Final Moments Before Lift-Off

(Originally published Jan. 29, 2007).

This week, everything started happening too quickly, leaving me feeling panicky and off-balance.

To start with, a week ago, I returned home from a 5-day jaunt to Toronto, and received the files for the final copy edit of ‘The Jaguar Legacy’ along with 167 other emails. After spending several days (okay, hours — it just seemed like days) dealing with the emails, I got right to work. My job, I reasoned, entailed surrounding myself with snacks and sustenance, curling up on the sofa to re-read ‘The Jaguar Legacy’ from cover to cover, and filling out the amendment form with the page number, line number, context, and text of the required changes. Within four days, I had accomplished these tasks with effortless ease.

After I’d finished patting myself on the back, I still felt a tad uneasy. I’d enjoyed myself too much. Everything had gone too smoothly, too easily. Was I too uncritical of my own work? I asked myself. Then I had one of my brainwaves — I would ask my husband to give the book a final reading. He is, hands down, the most analytical, thorough, and meticulous person I have ever known or will know, and would be the perfect critical audience. No errors could possibly escape his vigilant scrutiny.

He graciously accepted the assignment and hauled the manuscript into his cave where he spent the next three days wielding a red pen and uttering muffled growls and mutterings.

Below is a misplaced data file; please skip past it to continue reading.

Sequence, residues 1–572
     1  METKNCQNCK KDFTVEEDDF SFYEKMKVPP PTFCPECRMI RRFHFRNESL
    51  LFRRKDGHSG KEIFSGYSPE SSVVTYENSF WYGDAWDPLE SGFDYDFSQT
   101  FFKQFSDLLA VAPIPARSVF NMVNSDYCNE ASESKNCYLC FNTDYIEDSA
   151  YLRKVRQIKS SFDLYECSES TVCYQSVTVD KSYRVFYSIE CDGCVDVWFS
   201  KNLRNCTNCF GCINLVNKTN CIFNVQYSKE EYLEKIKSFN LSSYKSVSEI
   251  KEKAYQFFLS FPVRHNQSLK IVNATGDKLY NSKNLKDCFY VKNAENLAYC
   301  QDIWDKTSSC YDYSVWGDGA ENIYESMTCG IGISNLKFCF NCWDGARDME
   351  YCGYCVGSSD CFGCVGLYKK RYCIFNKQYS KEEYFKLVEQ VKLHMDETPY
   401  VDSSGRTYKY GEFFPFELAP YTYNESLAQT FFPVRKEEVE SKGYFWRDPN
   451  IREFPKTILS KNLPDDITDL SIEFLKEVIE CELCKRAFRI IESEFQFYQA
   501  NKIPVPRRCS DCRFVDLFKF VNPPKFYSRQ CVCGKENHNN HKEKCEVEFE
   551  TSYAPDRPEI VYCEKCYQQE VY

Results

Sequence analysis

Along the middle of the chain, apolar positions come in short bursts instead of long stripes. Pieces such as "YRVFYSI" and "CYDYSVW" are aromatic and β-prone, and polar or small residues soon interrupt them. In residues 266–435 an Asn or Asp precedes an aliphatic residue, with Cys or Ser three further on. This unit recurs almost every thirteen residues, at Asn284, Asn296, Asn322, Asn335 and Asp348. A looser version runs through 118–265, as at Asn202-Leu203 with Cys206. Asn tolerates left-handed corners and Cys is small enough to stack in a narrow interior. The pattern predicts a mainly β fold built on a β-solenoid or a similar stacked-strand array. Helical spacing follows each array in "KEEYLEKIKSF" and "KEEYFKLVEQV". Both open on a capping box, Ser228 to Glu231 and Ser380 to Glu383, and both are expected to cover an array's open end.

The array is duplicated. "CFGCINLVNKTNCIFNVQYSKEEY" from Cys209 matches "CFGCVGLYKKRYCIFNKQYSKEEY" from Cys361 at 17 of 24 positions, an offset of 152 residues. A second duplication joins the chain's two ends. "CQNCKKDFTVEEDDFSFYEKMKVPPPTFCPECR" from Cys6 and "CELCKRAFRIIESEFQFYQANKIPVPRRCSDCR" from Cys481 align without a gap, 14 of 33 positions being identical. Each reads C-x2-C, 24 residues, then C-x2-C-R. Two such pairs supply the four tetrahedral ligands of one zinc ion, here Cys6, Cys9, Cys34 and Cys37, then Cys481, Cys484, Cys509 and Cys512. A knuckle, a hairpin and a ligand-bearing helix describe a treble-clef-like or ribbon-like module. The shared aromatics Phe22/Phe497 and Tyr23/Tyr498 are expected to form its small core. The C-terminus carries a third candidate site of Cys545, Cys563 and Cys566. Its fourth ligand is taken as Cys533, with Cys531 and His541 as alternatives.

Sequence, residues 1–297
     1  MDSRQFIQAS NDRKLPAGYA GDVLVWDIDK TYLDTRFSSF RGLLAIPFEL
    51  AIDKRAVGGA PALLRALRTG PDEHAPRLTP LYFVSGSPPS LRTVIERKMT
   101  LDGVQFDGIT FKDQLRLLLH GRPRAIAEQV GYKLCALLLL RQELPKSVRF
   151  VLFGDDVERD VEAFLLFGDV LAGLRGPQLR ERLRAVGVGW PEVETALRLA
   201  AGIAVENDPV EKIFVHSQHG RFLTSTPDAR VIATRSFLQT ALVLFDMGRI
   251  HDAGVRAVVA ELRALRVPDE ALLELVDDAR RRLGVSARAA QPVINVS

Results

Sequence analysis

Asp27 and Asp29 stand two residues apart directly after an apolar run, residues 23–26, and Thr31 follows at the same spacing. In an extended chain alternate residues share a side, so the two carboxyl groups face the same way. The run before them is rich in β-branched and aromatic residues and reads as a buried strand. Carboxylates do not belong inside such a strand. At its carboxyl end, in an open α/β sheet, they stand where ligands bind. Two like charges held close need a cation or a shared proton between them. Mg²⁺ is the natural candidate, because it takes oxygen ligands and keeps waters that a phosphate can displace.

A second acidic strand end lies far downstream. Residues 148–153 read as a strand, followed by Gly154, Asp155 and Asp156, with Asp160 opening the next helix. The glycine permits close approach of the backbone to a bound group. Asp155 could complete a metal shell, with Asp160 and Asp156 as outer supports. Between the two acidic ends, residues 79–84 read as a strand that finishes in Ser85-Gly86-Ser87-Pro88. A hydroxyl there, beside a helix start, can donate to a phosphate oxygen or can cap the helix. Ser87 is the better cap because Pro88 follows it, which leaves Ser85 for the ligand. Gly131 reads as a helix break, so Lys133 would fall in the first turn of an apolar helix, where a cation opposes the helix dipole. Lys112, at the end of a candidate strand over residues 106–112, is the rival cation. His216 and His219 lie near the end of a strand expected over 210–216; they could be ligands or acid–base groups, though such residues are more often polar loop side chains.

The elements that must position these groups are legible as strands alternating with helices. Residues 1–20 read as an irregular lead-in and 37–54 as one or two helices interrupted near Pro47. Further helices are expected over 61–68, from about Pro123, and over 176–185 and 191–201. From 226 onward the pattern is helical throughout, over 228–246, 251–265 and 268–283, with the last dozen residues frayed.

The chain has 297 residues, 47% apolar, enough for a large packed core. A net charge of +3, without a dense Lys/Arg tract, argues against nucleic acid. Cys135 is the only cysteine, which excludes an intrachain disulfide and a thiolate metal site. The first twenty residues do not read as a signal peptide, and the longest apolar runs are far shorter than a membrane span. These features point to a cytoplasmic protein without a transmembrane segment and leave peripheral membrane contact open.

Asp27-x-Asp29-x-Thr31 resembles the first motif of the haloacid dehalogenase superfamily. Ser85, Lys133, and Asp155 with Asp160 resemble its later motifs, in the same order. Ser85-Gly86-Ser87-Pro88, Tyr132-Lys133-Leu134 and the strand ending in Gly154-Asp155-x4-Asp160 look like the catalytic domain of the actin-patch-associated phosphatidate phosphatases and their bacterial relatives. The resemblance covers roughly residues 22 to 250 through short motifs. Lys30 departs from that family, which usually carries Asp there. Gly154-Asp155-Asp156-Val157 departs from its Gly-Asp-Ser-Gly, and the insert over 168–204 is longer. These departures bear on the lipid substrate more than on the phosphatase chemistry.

Aaaaargh! During the entire time, I lived on pins and needles, occasionally answering questions that, to me, had perfectly obvious answers, defending my choice of words, and generally absorbing criticism (otherwise known as constructive critique — we writers are very a thin-skinned group).

Last night, my husband announced that he had finished the process and handed me a manuscript bristling with yellow stickies and brimming with red ink.

The man deserves a medal. He managed to catch inconsistencies, errors regarding timing, redundancies and duplications, and a hundred other nasty little details I had overlooked. So far, I have compiled 11 pages of changes for a total of 213 errors. The count is still growing.

This exercise has been more than a mere copy edit. My publisher may faint at the results, but at least I can rest easy and say with confidence — THERE ARE NO MORE ERRORS in my manuscript. Or I’ll eat it, page by page.

Please pass the Pepto Bismol. Uuuurp.